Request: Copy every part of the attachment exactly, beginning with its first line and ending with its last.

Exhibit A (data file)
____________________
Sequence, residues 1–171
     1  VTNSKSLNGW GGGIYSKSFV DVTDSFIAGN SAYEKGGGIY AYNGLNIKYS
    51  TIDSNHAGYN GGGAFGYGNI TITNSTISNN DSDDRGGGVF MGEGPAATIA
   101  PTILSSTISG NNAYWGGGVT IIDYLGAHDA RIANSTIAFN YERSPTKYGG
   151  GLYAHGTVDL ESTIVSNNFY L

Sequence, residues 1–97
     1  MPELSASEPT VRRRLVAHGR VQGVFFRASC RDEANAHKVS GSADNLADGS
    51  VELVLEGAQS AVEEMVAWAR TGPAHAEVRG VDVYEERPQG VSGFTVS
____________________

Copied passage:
Sequence, residues 1–171
     1  VTNSKSLNGW GGGIYSKSFV DVTDSFIAGN SAYEKGGGIY AYNGLNIKYS
    51  TIDSNHAGYN GGGAFGYGNI TITNSTISNN DSDDRGGGVF MGEGPAATIA
   101  PTILSSTISG NNAYWGGGVT IIDYLGAHDA RIANSTIAFN YERSPTKYGG
   151  GLYAHGTVDL ESTIVSNNFY L

Sequence, residues 1–97
     1  MPELSASEPT VRRRLVAHGR VQGVFFRASC RDEANAHKVS GSADNLADGS
    51  VELVLEGAQS AVEEMVAWAR TGPAHAEVRG VDVYEERPQG VSGFTVS